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ARCHIVE: TCP-IP Distribution List - Archives (1984)
DOCUMENT: TCP-IP Distribution List for December 1984 (52 messages, 23064 bytes)
NOTICE: recognises the rights of all third-party works.


Date:      Tue 4 Dec 84 11:42:33-PST
From:      Mark Crispin <[email protected]>
To:        [email protected]
Cc:        [email protected]
Subject:   Re: SMTP Max recpients reply code
In my admittedly biased opinion, the mention of 552 in the SMTP
specification is a bug in the specification.  It should be 452.
I would interpret 552 as meaning "too many people on this site
have gotten this message, do not send it to any more people" as
opposed to 442 which would mean "too many addressees in this
SMTP transaction, please send this message to this addressee in
another transaction."

I'm pretty down on SMTP servers which place limits on the number
of recipients.  Many of them actually deliver the message to each
recipient at the end of the transaction, forcing the SMTP sender
to wait (and wait) for the acknowledgement to come back that the
DATA command completed.  I feel a superior approach is to queue
the list of recipients and the message to some mailer process and
get the SMTP connection out of the way as soon as possible.  This
has the side effect of maximizing SMTP throughput.
Date:      4 Dec 1984 12:04:53 PST
From:      [email protected]
To:        [email protected]
Subject:   SMTP max recipients reply code

It has been suggested before that the reply code for "too many recipients"
should be 452 (i.e., a temporary instead of permenant error). This would
mean changing the second to last line on page 43 and the example on page
63 of RFC 821.  I suggest that you go ahead an change the UMD2 system to
return the 452 code.  Let us know if that results in any further problems.

Date:      Tue, 4 Dec 84 13:45:24 EST
From:      [email protected] (Louis Mamakos)
To:        [email protected]
Subject:   SMTP Max recpients reply code
I'm so confused..  I observed a strangeness in the interaction between
UMD5.ARPA (PDP 11/44 2.9BSD UNIX, running sendmail) and UMD2.ARPA (Sperry
1100/82, with our own IP/TCP networking code).  UMD5's sendmail was attempting
to deliver mail to multiple recpients on UMD2.  When the local recpient 
storage space filled up, UMD2 returned a '552 Max recpients' reply to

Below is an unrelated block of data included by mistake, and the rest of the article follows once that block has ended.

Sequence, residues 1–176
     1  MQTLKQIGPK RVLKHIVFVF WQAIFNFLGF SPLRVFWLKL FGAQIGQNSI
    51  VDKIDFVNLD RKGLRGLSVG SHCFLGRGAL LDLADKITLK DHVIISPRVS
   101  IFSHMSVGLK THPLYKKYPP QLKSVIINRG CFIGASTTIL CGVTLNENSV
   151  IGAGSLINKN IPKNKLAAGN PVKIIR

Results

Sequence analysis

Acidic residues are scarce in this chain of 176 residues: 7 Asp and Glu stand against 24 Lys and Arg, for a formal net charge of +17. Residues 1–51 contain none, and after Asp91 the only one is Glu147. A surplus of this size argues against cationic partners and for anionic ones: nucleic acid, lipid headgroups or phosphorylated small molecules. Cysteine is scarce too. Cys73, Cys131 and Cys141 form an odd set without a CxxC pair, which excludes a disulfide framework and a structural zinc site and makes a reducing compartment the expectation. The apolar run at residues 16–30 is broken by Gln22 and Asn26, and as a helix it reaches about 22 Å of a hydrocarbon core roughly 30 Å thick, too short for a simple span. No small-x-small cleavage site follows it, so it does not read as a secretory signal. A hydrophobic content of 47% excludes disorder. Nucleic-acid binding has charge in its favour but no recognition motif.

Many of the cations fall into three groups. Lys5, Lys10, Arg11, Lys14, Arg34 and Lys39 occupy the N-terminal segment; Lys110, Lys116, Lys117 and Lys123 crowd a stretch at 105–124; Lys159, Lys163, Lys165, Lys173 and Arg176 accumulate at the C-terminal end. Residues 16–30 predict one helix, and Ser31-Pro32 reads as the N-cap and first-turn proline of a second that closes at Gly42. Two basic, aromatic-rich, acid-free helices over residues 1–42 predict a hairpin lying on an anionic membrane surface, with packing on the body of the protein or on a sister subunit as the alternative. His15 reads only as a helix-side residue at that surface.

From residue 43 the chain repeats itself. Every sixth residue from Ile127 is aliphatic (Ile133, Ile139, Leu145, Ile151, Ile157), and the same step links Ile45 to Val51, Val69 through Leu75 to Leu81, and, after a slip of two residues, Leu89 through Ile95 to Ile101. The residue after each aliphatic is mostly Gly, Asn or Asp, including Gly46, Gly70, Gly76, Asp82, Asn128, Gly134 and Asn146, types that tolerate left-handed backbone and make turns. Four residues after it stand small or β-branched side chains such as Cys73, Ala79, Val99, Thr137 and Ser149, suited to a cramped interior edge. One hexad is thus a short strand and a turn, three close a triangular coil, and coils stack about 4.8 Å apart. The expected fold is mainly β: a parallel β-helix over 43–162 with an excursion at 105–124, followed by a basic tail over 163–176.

UMD5's sendmail for each of the remaining recpients, which marked each of
the remaining recpients as perm failures.  This caused an  advisory message
to be generated for those recpients rather than another SMTP transaction to
be attempted.

When I implemented the SMTP server on the Sperry (UMD2) system, I decided to
return the 552 reply in this case, rather than the 452 reply since that
agreed with the example scenario in RFC 821 on page 63.  Sendmail looks
like it might work if this reply is changed to a 452, but I haven't gone
too deep in the code to make sure (and I'm not sure I want to if I can
avoid it).

So the questions are: Is sendmail on UMD5 broken?  Is the SMTP server on
UMD2 broken?  Are they both broken?  Should I use Federal Express instead?

Louis A. Mamakos
Computer Science Center - Systems Programming
University of Maryland, College Park

Internet: [email protected]
UUCP: ..!seismo!cvl!umd5!louie
Date:      Wed, 5 Dec 84 12:09 PST
From:      [email protected]
To:        [email protected]
Subject:   bug in UNIX telnet
I've run into a bug in UNIX telnet several times, and I'm wondering if
there's any awareness of it in the TCP-IP club.  I won't go into great
detail, but the problem is that UNIX sends <LF> when the user types the
return key.  With most systems in the ARPAnet, this causes no problem,
but we have a particular application where it is unacceptable (<LF>
means something different than <CR><LF>).

There's a fix to UNIX Telnet that solves this problem around.  It's
apparently a trivial one, but I can't remember just now who has it.  The
site we're currently having trouble with is ORNL-MSR.  Could someone get
the fix to them?  Is there any chance of this being fixed more
universally?  I get tired of hearing about the same bugs over and over.
Date:      Thu, 06 Dec 84 08:38:58 EST
From:      Dennis Rockwell <[email protected]>